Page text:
Sherman: "Ted said he was possibly falling in the draft, and everybody thought that was hard to believe, but I remember specifically going down to the film room and watching the USC game again. I don't think they won, but he brought them back. That was the morning of the draft. It was a Saturday morning back when the draft was on Saturday and Sunday. So it was about 8 o'clock in the morning and we're watching that tape. He really did a hell of a job managing the game. That was the last vision I had of him and I'm sure Ted did the same thing."
Bob Harlan, Packers president: "The day of the draft, when Aaron kept falling, when we were probably five or six choices away, Ted asked me if I'd step out of the room with him. We went into his office and he said, 'If Rodgers is still there, I'm going to take him because he's the top guy on our board and there he sits.' He said, 'We're going to catch some heat because Brett's playing and playing well and people are going to say you've got so many needs why in the world are you taking a guy who's going to sit on the bench?' It was the same thing I told Ron [Wolf] all those years, I told Ted, 'It's your club. You do what you want to want to do and make the choice you want to make, and we'll stand with you.' So the two of us go back in the room and there it comes and there he sits. Ted stands up and says, 'Fellas, I'm going to take Rodgers.'"
Brandt: "We get to 24 and we got one name staring at us, and it's Aaron Rodgers. We know we have the most durable quarterback in football, so I can just sense [in] the room to my right were the coaching rumblings where you could just sense they're like 'Oh my God, are we really going to do this? We're going to take a player that can't help us this year, maybe not next year, maybe not the year after, maybe never.' There was some rumbling. And I sense what was going on to my left side, which is more management oriented, and it was the same thing they always say, which is trust the board. We put in all our scouting, we're going to take the best player available. And obviously management won out over coaching. It was one of those ultimate best-player-available decisions. But you look at the Green Bay Packers that year, that's the last thing you would think that we'd pick."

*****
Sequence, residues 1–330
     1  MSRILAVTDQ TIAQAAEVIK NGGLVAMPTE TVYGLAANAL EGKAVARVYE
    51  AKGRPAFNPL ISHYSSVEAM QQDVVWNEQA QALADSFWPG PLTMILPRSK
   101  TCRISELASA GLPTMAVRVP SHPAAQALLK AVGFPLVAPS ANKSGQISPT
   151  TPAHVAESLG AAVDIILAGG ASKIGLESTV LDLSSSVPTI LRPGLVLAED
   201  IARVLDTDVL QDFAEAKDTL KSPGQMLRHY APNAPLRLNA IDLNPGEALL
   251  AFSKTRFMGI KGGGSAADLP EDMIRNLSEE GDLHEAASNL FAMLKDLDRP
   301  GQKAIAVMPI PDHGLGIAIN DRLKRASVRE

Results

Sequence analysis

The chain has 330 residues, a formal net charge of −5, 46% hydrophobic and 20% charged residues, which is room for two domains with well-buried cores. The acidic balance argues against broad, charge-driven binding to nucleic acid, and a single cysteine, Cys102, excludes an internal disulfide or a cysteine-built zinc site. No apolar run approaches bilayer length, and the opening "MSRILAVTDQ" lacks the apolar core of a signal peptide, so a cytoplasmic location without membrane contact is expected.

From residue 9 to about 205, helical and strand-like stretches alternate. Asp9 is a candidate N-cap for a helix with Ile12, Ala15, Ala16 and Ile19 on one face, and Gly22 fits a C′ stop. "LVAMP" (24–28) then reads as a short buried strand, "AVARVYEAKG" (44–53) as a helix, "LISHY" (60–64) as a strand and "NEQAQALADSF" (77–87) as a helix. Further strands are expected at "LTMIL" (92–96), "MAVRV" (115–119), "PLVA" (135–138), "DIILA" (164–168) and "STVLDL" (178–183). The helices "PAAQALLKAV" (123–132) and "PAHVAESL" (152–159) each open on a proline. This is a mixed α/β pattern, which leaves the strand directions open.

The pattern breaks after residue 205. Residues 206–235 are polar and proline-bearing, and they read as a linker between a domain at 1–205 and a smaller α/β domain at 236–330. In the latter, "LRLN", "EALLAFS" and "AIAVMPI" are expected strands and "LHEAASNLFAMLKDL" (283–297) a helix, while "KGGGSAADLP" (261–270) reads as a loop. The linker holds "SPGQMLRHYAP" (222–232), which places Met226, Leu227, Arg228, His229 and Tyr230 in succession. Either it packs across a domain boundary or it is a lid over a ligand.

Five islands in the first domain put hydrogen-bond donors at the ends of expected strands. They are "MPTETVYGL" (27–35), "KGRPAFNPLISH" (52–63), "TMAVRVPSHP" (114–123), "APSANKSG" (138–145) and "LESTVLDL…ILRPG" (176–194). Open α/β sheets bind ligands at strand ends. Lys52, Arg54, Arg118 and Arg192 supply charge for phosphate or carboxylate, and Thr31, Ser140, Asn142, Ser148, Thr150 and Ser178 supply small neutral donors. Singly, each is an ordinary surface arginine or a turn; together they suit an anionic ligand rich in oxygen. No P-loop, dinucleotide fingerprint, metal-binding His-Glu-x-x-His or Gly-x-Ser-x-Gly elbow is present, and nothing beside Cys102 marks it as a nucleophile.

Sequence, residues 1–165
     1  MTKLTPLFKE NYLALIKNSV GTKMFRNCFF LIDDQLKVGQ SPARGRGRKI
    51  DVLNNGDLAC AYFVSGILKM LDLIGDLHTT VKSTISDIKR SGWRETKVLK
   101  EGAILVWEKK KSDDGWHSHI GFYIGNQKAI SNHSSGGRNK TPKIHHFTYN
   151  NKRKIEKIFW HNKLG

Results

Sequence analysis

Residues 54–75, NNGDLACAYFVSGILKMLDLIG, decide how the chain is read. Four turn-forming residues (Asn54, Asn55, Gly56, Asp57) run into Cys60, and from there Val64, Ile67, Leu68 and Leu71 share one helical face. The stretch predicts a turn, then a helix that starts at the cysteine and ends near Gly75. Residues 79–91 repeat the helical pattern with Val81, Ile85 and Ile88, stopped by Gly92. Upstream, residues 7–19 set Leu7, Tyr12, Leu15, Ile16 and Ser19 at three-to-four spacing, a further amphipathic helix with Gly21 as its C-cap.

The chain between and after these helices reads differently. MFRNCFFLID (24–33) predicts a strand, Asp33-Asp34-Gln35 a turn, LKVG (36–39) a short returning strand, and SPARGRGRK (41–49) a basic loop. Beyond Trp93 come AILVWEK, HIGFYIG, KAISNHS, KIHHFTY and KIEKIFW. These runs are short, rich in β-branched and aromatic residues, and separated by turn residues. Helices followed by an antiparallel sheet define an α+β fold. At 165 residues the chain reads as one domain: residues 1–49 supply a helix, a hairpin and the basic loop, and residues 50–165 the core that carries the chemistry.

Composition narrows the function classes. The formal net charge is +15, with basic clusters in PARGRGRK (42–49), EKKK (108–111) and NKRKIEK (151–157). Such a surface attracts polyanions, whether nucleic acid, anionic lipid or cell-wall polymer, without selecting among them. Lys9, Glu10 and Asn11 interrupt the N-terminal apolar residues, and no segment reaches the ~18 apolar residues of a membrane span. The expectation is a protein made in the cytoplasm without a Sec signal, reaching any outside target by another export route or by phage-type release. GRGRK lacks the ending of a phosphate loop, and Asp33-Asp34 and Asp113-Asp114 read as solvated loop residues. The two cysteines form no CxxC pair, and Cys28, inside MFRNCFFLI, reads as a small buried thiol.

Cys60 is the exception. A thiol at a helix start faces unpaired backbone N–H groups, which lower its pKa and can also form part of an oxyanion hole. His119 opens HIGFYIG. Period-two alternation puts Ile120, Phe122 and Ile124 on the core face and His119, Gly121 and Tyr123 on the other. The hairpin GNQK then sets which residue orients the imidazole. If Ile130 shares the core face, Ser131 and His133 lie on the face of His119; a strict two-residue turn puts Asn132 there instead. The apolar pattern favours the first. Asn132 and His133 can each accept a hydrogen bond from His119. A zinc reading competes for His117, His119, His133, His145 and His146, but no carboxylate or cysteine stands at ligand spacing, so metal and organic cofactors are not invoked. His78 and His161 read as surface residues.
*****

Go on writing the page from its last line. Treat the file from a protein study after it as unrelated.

Sherman: "That's probably a good argument why you split the job up between coach and general manager. Coaches obviously, I'm not saying that I would've done it any differently. Aaron was such a spectacular value at that position, but at the same time I can honestly say a defensive player would've been screaming at me, too. I think Ted recognized the fact that for the future of the Green Bay Packers, this is an opportunity he couldn't pass up ... because you need to think long-term obviously. But then you also have Brett Favre in his later years and you want to support him as best you can. I don't think Brett would've ever questioned it if we took a good receiver."
One last hesitation ... and more crickets
Even though Thompson had decided to pick Rodgers at No. 24, he wanted to use the entire 15 minutes just to see if a quarterback-needy team called to try to trade up. In the meantime, Thompson wanted to get Rodgers' agent, Mike Sullivan, on the phone.